Boom & Bust
Updated: Jul 11, 2021
Arguably the most influential figures in fashion, creative directors have the unique ability to completely overhaul a brand’s image in the span of only a few seasons. Because they create a label’s image, the process of selecting them, especially in high fashion houses like Givenchy, Louis Vuitton, Gucci, and more is rigorous. While some creative directors last for years at a single maison—John Galliano famously stayed at Dior for more than twenty five years—other houses cycle them in and out constantly, often because they are unhappy with a particular direction the creative director is taking.
Ultimately, not only do creative directors have the power to completely change a brand’s image, but they also have the power to dictate a company’s profits. Thus, creative directors do not have free reign to exercise their creativity as they see fit. Rather, they have to create designs that sell, and sell well.
Take Gucci, for example. According to CR Fashion Book, in the late 1970’s Gucci was on the brink of bankruptcy, with the Gucci family members in a brawl for who would continue designing for the house. Thankfully, before the now-iconic brand tanked, Gucci’s board hired Dawn Mello, the former president of Bergdorf Goodman, as creative director. While Mello greatly improved the brand, revolutionizing Gucci’s famous loafers by releasing them in a rainbow of new colors, her designs were not well received, and so she returned to her job at Bergdorf Goodman.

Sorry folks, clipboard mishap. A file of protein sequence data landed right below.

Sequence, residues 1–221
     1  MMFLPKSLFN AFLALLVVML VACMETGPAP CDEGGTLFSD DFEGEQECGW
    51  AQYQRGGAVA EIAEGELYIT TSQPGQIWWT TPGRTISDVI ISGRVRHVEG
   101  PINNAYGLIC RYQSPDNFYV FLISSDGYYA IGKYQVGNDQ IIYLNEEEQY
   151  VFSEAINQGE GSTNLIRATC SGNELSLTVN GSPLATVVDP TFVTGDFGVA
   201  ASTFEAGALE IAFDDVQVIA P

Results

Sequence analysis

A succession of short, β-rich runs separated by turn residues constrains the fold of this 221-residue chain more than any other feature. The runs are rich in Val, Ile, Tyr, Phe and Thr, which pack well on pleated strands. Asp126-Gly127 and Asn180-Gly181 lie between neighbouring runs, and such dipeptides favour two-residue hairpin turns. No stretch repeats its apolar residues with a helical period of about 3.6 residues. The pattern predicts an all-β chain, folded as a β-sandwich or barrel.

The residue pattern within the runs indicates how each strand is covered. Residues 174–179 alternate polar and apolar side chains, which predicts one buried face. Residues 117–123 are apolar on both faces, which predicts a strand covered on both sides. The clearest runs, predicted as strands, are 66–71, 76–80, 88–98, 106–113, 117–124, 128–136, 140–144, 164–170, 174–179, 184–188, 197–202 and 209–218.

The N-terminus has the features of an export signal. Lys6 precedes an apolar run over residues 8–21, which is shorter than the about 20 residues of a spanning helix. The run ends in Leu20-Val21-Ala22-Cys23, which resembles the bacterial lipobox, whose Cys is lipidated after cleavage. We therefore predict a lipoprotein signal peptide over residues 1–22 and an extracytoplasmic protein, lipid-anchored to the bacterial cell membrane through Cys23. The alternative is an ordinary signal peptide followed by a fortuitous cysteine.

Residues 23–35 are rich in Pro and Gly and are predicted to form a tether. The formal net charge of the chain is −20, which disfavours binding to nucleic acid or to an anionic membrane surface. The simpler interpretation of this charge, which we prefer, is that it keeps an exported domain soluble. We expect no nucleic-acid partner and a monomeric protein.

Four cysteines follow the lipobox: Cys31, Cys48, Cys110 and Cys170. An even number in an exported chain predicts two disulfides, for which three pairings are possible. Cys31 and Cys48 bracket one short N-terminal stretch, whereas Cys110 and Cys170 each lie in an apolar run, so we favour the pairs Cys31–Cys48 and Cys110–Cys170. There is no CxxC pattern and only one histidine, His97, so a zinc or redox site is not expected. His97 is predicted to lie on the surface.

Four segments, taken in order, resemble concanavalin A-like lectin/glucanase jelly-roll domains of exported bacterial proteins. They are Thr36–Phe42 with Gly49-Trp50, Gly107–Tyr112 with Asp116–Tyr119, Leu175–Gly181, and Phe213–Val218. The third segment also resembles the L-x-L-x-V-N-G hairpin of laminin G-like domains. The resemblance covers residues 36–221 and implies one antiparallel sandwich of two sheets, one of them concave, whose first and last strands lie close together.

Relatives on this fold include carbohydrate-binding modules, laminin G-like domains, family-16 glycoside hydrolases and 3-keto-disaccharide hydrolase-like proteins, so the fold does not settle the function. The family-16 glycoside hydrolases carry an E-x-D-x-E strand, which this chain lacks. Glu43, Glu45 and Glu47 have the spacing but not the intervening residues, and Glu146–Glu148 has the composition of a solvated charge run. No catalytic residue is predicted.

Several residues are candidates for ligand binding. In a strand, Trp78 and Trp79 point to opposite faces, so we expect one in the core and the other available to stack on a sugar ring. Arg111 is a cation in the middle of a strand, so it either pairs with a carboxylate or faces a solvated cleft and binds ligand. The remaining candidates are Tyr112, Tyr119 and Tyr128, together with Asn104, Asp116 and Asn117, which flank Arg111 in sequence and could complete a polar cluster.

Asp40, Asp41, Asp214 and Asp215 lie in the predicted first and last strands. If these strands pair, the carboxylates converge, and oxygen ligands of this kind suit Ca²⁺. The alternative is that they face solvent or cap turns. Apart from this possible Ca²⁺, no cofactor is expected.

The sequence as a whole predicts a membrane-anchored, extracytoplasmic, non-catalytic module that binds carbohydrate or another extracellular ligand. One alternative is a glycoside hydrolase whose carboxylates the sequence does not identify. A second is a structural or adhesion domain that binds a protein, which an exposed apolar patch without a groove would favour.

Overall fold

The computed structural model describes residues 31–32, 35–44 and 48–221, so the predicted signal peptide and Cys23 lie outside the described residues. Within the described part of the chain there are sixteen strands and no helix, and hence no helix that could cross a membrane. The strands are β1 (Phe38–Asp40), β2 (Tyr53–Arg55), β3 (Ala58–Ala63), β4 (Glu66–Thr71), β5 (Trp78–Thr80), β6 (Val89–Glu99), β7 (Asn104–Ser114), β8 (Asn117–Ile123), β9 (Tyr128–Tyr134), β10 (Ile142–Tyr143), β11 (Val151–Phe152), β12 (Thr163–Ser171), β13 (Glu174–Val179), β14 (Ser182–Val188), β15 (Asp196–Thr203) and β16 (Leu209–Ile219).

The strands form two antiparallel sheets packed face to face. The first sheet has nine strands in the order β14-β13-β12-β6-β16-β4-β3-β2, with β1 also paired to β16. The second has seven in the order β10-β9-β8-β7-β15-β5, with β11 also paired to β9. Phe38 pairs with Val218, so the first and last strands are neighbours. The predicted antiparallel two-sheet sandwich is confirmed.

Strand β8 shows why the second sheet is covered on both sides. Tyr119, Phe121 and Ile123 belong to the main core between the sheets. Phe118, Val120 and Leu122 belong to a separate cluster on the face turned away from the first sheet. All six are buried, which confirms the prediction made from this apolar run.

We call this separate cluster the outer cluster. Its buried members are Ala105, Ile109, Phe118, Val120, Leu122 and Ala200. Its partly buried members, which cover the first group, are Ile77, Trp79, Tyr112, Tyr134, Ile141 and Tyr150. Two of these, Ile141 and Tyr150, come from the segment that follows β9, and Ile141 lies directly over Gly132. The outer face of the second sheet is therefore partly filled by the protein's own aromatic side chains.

In 1990, upon Mello’s termination, Gucci hired Tom Ford as the house’s new creative director. Relatively unknown at the time, Ford wowed audiences with his first Gucci collection, taking the heritage Italian house from staunchy to sexy. Throughout his tenure at Gucci, Ford continued to creative effortlessly minimal and seductively simple designs; slip dresses with cutouts at the waist, metal accents, and expert tailoring. Taking “sex sells” to a new level, Ford saved Gucci from bankruptcy, making it a $10 billion company by the end of his directorship in 1995.